I stepped into the computer age in '97 and found support groups and went on to attend adoption workshops, conferences, and seminars. In the last thirteen years I have become a different person.  I owe so much to other adoptees who walked the path before me and said "Go here and do this", and I did, and I am so very overwhelmingly thankful for their help (UNDERSTATEMENT).  Adoption issues are not just "in the past" they are here and now and alive and functioning for many adoptees each and every day.  Adoption is not a one time transaction it is a lifetime event.  I now know my buttons and triggers that are tied to the past and adoption.  I recognize them and deal with them in healthy ways or as best as I can.

I don't think I know it all.  I am still figuring things out.  Mostly though, I don't want to see any other adoptees have to spend enormous amounts of time, money, or energy groping in the dark, grasping for hope, and struggling to find their way in the world adopted.  I never deal in absolutes either and respect adoptees who say they never think about adoption and it doesn't affect them at all.  And, although I  have a difficult time believing it, I won't dismiss their feelings and experiences or try and tell them otherwise.  I know all too well what that feels like.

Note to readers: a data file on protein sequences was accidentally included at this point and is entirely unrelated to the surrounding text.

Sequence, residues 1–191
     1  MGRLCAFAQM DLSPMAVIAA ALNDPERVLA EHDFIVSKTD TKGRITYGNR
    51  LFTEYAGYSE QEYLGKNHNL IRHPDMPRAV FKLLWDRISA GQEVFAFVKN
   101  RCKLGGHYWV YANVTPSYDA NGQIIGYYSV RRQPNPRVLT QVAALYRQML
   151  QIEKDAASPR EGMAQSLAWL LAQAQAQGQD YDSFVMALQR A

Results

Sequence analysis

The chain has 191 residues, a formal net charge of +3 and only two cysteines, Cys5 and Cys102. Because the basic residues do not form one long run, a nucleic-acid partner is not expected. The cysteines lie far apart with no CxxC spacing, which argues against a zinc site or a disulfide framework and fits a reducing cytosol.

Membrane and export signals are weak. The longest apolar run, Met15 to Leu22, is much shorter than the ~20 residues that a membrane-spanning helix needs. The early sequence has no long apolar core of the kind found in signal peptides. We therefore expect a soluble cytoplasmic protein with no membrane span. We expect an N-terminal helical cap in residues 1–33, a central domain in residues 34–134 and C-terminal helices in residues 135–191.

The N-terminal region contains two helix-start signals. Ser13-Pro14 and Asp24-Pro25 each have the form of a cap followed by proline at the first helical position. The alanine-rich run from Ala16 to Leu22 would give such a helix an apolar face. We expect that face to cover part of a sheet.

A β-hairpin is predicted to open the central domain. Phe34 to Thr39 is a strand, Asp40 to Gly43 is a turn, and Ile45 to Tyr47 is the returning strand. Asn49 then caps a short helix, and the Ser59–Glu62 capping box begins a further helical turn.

I have my path as many adoptees have but there are some of those shoes adoptees wear I have never worn, nor will I ever.  I am however, wise enough to learn from them.  I advise the non-adopted to do that as well.  If you know an adoptee be silent and just listen if they bring up adoption.  If you love an adoptee please open your heart and mind and take the time and effort to comprehend what they are trying to relay to you.  It may not seem important to you, you may not understand all of it, but I can guarantee you the effort you make to hear them without judgment will mean more to them than you will ever know.  And thanks, for listening.

Tuesday, November 8, 2011

Adoption - Truth Telling